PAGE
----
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. Highwood Congregation of Jehovah’s Witnesses (Judicial Committee) v. Wall

In Highwood Congregation of Jehovah’s Witnesses (Judicial Committee) v. Wall (SCC, 2018) the Supreme Court of Canada reviewed the concept of justiciability:
[32] This appeal may be allowed for the reasons given above. However, I also offer some supplementary comments on justiciability, given that it was an issue raised by the parties and dealt with at the Court of Appeal. In addition to questions of jurisdiction, justiciability limits the extent to which courts may engage with decisions by voluntary associations even when the intervention is sought only on the basis of procedural fairness. Justiciability relates to the subject matter of a dispute. The general question is this: Is the issue one that is appropriate for a court to decide?

[33] Lorne M. Sossin defines justiciability as
a set of judge-made rules, norms and principles delineating the scope of judicial intervention in social, political and economic life. In short, if a subject-matter is held to be suitable for judicial determination, it is said to be justiciable; if a subject-matter is held not to be suitable for judicial determination, it is said to be non-justiciable.
(Boundaries of Judicial Review: The Law of Justiciability in Canada (2nd ed. 2012), at p. 7)

Put more simply, “[j]usticiability is about deciding whether to decide a matter in the courts”: ibid., at p. 1.

[34] There is no single set of rules delineating the scope of justiciability. Indeed, justiciability depends to some degree on context, and the proper approach to determining justiciability must be flexible. The court should ask whether it has the institutional capacity and legitimacy to adjudicate the matter: see Sossin, at p. 294. In determining this, courts should consider “that the matter before the court would be an economical and efficient investment of judicial resources to resolve, that there is a sufficient factual and evidentiary basis for the claim, that there would be an adequate adversarial presentation of the parties’ positions and that no other administrative or political body has been given prior jurisdiction of the matter by statute” (ibid.).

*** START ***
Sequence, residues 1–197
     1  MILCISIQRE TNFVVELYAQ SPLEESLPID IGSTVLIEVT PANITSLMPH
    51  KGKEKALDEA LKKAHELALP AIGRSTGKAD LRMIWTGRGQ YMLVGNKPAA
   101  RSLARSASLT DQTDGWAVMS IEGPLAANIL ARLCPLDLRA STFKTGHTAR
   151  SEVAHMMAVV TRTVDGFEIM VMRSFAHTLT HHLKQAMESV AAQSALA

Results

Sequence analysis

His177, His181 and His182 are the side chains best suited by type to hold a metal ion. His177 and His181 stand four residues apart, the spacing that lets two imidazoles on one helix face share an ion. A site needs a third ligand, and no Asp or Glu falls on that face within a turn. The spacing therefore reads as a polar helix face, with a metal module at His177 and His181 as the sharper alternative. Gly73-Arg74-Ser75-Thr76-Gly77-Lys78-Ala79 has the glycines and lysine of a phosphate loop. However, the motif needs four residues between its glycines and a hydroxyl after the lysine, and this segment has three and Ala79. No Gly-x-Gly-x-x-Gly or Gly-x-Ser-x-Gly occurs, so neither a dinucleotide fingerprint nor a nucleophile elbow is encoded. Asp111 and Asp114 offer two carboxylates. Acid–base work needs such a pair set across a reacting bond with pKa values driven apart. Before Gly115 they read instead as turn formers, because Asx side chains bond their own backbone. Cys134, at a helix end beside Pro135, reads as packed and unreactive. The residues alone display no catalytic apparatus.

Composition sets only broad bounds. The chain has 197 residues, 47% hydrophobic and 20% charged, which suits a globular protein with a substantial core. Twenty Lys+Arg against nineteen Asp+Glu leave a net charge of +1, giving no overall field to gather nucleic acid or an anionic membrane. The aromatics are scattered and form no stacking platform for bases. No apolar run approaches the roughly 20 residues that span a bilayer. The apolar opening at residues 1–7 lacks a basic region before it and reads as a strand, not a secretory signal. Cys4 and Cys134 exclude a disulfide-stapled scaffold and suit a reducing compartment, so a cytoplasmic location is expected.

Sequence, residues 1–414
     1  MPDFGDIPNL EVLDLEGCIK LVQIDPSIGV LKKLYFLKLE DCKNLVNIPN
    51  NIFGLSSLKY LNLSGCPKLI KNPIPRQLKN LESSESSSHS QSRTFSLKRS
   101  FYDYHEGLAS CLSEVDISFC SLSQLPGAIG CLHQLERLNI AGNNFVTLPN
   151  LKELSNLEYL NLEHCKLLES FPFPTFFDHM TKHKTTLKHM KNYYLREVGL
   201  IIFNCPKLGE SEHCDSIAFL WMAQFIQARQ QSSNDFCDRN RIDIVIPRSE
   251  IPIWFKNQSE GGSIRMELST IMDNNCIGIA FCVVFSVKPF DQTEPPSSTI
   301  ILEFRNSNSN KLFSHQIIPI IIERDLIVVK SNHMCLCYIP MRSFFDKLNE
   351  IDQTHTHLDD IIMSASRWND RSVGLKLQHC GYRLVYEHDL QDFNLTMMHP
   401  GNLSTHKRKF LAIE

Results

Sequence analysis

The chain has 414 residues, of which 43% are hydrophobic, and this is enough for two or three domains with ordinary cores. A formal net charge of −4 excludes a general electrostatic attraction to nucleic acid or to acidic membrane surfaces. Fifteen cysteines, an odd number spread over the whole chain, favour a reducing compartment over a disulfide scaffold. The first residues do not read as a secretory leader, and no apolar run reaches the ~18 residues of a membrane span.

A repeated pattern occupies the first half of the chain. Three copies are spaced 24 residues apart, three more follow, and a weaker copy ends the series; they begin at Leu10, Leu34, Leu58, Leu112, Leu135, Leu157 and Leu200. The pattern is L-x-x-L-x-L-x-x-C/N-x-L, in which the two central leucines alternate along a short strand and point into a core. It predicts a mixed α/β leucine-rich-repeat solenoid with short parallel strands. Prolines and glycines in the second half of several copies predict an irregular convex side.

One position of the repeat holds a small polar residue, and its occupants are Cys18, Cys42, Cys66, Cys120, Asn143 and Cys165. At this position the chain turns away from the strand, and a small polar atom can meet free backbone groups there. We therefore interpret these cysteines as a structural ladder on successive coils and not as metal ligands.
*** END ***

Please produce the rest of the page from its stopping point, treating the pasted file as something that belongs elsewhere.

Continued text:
[35] By way of example, the courts may not have the legitimacy to assist in resolving a dispute about the greatest hockey player of all time, about a bridge player who is left out of his regular weekly game night, or about a cousin who thinks she should have been invited to a wedding: Court of Appeal reasons, at paras. 82-84, per Wakeling J.A.

[36] This Court has considered the relevance of religion to the question of justiciability. In Bruker v. Marcovitz, 2007 SCC 54, [2007] 3 S.C.R. 607, at para. 41, Justice Abella stated: “The fact that a dispute has a religious aspect does not by itself make it non-justiciable.” That being said, courts should not decide matters of religious dogma. As this Court noted in Syndicat Northcrest v. Amselem, 2004 SCC 47, [2004] 2 S.C.R. 551, at para. 50: “Secular judicial determinations of theological or religious disputes, or of contentious matters of religious doctrine, unjustifiably entangle the court in the affairs of religion.” The courts have neither legitimacy nor institutional capacity to deal with such issues, and have repeatedly declined to consider them: see Demiris v. Hellenic Community of Vancouver, 2000 BCSC 733, at para. 33 (CanLII); Amselem, at paras. 49-51.